Among other topics, Luhrmann looks at some of the causes of depression, a very important question in this modern "Prozac Nation" in which it sometimes seems that everyone is taking drugs for something. If we're all depressed, then what's normal? Here's one of her answers to that: "Depression, and mood disorders in general, may be more common in the twentieth century than every before, because in no other time of human history have so many people been so isolated." "More people," she says, "live alone in America than ever before-a quarter of all Americans, compared to less than 10 percent in 1940 and probably almost none in our ancestral past. . . From a human evolutionary perspective, this is bizarre." Anyone with a serious interest in mental health can find much that is useful, elucidating, and even intriguing here.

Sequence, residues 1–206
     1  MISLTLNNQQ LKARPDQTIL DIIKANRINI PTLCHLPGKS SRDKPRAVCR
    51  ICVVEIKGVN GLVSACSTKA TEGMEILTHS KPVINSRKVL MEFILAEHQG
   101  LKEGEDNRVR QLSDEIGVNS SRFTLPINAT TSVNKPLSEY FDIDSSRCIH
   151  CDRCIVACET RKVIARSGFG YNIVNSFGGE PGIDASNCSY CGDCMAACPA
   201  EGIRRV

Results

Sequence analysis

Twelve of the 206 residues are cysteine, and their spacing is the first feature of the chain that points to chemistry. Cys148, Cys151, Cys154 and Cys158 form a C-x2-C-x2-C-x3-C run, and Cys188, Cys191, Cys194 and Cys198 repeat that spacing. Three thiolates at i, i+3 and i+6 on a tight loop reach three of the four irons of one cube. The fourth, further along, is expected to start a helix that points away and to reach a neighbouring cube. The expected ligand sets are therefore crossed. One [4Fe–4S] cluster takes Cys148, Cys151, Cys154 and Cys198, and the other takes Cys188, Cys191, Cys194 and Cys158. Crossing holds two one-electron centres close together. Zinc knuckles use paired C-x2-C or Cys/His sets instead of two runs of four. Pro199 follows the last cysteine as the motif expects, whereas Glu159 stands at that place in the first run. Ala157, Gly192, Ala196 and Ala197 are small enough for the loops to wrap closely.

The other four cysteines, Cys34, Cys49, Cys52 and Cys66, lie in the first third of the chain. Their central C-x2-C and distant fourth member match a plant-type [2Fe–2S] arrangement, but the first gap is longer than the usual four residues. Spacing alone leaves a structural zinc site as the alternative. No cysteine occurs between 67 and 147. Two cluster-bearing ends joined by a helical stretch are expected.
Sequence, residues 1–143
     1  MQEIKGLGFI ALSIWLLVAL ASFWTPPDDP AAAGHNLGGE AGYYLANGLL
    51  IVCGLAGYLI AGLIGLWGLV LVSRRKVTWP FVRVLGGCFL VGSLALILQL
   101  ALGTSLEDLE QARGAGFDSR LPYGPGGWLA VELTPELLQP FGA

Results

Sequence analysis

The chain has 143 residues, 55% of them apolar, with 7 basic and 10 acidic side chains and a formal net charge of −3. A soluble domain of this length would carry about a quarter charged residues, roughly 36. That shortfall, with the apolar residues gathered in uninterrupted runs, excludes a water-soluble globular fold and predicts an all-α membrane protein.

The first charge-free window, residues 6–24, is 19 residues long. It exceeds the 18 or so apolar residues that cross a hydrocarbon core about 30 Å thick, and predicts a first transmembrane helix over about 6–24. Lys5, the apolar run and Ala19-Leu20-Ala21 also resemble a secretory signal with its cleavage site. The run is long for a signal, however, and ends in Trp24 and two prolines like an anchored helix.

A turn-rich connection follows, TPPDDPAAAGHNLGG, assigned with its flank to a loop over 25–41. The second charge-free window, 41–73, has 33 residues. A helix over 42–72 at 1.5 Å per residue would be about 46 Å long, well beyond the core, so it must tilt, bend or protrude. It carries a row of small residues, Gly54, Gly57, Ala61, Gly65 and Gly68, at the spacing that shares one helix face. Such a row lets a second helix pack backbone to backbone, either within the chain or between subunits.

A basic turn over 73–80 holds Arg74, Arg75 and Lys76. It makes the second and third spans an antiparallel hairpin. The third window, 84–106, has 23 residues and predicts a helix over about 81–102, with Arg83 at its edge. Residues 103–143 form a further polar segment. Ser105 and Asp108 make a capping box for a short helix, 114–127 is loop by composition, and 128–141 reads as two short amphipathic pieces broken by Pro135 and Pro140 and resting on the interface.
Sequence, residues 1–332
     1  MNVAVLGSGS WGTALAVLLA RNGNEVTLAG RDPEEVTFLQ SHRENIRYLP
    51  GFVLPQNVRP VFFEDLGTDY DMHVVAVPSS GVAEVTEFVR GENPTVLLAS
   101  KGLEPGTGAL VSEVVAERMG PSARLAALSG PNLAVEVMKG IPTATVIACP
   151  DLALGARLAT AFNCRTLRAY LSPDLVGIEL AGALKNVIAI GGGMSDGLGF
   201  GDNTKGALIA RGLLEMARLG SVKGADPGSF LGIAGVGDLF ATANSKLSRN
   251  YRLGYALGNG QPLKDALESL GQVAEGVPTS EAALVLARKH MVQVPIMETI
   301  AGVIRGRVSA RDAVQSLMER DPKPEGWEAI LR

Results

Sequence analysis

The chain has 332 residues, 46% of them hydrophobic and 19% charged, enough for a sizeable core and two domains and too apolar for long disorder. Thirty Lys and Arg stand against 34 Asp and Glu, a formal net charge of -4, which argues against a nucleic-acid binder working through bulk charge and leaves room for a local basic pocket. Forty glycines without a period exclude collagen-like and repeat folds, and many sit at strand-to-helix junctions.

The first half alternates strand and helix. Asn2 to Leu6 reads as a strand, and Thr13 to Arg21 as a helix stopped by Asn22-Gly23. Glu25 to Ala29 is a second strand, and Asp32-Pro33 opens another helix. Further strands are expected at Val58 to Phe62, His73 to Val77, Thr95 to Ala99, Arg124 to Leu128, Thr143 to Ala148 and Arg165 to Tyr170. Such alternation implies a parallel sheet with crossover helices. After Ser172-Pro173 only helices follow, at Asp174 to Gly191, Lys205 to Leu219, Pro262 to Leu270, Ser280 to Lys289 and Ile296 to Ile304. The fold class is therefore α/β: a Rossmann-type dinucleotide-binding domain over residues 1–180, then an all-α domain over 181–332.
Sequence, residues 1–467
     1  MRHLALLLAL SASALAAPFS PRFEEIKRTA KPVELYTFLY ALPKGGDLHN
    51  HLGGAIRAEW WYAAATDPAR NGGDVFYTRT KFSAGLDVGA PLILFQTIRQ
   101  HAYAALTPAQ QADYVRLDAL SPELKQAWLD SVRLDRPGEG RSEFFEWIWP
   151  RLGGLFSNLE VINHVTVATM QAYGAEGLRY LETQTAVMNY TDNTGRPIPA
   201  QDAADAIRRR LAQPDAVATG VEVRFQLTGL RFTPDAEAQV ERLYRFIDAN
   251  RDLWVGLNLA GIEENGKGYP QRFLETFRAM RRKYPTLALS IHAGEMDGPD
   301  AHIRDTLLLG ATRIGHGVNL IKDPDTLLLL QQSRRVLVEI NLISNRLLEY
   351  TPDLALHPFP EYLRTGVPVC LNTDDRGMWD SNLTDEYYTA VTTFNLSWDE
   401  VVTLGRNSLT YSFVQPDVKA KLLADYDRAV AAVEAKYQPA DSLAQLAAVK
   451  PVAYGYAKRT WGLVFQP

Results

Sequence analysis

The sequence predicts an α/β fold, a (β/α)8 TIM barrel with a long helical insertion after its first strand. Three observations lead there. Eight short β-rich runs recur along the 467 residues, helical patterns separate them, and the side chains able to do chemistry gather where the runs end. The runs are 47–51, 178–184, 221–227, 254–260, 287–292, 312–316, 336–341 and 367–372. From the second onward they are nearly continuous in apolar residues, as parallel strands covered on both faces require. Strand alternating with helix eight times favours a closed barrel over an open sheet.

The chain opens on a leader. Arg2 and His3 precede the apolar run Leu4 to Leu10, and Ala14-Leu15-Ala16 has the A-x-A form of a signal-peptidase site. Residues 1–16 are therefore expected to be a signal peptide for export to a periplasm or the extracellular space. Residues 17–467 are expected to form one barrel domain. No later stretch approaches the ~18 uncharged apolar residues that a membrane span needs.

© 2001 Heather C. Liston Heather Liston studied Religion at Princeton University and earned a Masters degree from the NYU Graduate School of Business Administration. She is the Managing Director of the National Dance Institute of New Mexico, and writes extensively on a variety of topics. Her book reviews and other work have appeared in Self, Women Outside, The Princeton Alumni Weekly, Appalachia, Your Health and elsewhere.